The U.S. Army Corps of Engineers on October 30 awarded a single award task order contract to Alaska-based Brice Civil Constructors Inc. to dredge the last 12 miles of the Atchafalaya River Bar Channel south of the Port of Morgan City. The announcement marks a significant milestone for the port, which has long sought a way to combat the fluid mud, also called “fluff,” which collects in the outermost portion of the channel and drastically restricts navigation.
Brice, a subsidiary of Calista Corporation, is purchasing components to assemble a dredge plant that will be built and designed especially for the Atchafalaya River Bar Channel. The plant will feature a single drag arm—like on a trailing suction hopper dredge—mounted onto an offshore support vessel (OSV). Instead of capturing the sediment, like a traditional hopper dredge would do, the new plant will agitate the fluff, suspending it in order to reach a water density adequate for navigation. The dredge plant will be assembled at Halimar Shipyard in Morgan City.
Brice expects to spend about 150 days gathering the dredge components and assembling and testing the plant prior to putting it to work in the bar channel.
“We look forward to joining your community and working with the U.S. Army Corps of Engineers and the Port of Morgan City to successfully complete this project,” Brice Civil Constructors President Jon McVay said in a statement.
Raymond “Mac” Wade, executive director of the Port of Morgan City, said he anticipates the new agitation plant to be at work in the bar channel by around April, with the width and depth of the channel restored in large part by the summer.
“This is going to give us a 24/7 channel in the bar channel,” Wade said. “I think by next summer we’re going to have a channel.”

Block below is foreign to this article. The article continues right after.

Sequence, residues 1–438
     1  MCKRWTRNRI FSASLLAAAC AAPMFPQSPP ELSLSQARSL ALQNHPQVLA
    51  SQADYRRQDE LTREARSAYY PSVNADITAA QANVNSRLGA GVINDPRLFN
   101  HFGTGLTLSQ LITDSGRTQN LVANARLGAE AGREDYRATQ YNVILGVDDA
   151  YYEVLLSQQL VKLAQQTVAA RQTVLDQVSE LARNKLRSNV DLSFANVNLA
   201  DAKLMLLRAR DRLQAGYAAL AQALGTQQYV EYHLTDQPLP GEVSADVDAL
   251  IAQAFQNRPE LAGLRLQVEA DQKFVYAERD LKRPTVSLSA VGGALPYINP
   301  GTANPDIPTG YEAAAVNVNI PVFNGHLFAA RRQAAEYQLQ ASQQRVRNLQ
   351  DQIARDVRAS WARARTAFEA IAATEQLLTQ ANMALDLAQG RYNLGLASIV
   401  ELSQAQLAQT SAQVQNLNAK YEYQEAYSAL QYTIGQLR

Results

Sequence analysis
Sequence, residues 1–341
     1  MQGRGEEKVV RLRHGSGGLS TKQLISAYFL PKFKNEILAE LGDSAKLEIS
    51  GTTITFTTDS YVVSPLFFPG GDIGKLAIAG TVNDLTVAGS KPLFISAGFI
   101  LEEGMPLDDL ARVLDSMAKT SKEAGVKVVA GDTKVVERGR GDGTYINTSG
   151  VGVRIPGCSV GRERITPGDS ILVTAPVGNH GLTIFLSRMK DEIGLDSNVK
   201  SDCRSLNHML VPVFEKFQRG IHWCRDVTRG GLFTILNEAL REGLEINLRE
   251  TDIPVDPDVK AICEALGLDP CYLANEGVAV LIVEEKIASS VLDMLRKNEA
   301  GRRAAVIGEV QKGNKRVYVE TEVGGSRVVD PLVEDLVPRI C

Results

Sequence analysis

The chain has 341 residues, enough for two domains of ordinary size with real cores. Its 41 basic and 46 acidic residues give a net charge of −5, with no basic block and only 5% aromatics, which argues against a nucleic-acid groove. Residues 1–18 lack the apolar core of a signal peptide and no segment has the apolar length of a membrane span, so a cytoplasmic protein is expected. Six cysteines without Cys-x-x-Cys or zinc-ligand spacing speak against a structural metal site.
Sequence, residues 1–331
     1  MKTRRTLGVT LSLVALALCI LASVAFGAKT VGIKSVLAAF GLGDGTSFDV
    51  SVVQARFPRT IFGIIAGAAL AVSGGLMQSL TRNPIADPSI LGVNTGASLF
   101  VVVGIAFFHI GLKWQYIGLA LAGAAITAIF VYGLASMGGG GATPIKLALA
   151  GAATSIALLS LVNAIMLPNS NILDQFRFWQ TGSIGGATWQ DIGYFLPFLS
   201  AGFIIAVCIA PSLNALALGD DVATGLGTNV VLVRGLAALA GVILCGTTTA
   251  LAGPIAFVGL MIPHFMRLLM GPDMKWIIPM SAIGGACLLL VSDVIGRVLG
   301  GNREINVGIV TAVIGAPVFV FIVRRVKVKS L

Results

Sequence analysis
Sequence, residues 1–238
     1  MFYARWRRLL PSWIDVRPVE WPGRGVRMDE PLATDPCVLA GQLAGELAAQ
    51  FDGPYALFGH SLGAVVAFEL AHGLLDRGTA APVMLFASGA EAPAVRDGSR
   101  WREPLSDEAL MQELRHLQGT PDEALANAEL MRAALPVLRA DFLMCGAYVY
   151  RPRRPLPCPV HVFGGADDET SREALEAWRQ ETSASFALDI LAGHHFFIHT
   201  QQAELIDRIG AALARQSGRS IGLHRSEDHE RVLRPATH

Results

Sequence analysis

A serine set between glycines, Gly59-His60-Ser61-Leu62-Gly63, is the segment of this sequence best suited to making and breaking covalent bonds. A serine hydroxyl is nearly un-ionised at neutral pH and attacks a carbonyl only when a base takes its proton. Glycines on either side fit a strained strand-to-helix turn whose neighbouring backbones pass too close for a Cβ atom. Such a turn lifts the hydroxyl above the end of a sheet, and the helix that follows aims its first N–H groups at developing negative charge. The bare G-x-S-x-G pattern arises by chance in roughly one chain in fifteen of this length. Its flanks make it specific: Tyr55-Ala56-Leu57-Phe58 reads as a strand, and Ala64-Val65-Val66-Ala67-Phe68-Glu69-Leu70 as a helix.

The contract is worth $21.8 million and is expected to last around three years, depending on severity of the fluff over time, Wade said.
Wade also noted that the Corps has recently awarded a contract to dredge the upper portion of the channel, between Crew Boat Cut and Eugene Island. Manson was awarded that contract, which Wade said totals about $16 million and calls for a cutterhead dredge to work for 150 days. Wade said at present, the bar channel is as narrow as 200 feet wide and, in the lower part where the fluff is, as shallow as 12 or 13 feet, depending on the tide. But with Brice and Manson soon to be operating on the bar channel, Wade was confident the channel will be returned to its authorized dimensions of 20 feet deep and 400 feet wide very soon.
“The combination of these two operations will provide a reliable, consistent, 20-foot-deep by 400-foot-wide channel,” Wade said.
And that restoration of the bar channel should significantly boost the number and size of vessels calling on the Port of Morgan City.
Just over four years ago, Morgan City was celebrating success in importing and exporting goods. In August 2014, Purina Mills International had begun importing salt and exporting grains through the port. But due to the fluff, which rapidly accumulates in the bar channel, it was virtually impossible to maintain the bar channel’s 20-foot depth for oceangoing vessels. Traditional dredging in that portion of the bar channel proved too expensive and ineffective.
By the summer of 2016, the Port of Morgan City and the Corps of Engineers partnered on a demo project in the bar channel to see if simple agitation could keep the fluff suspended enough to maintain navigation. Between June and August of 2016, Manson’s hopper dredge Newport crisscrossed the bar channel, suctioning the fluff-filled water and pumping it immediately back overboard—simple agitation. The test worked. In the portion of the bar channel studied in the demo project, the depth went from around nine and a half feet to 18 or 19 feet. The Corps released a draft report later that year indicating that “agitation dredging and sediment conditioning is the dredging protocol most likely to achieve a year round navigable 20-foot deep bar channel within the available funding.”
In the time since the demo, engineers at the Corps’ Engineer Research and Development Center, the University of Texas A&M and with Brice have all studied the issue and identified agitation dredging as the probable solution to maintaining the last 12 miles of the bar channel.
Wade said the much-anticipated contract and agitation system has the Port of Morgan City full of hope.
“Finally we have hope, and there hasn’t been hope in a long time,” he said.
Caption for photo: Demonstration project in 2016 proved that agitating the material in the channel would provide enough depth to maintain navigation. (Photo by Frank McCormack)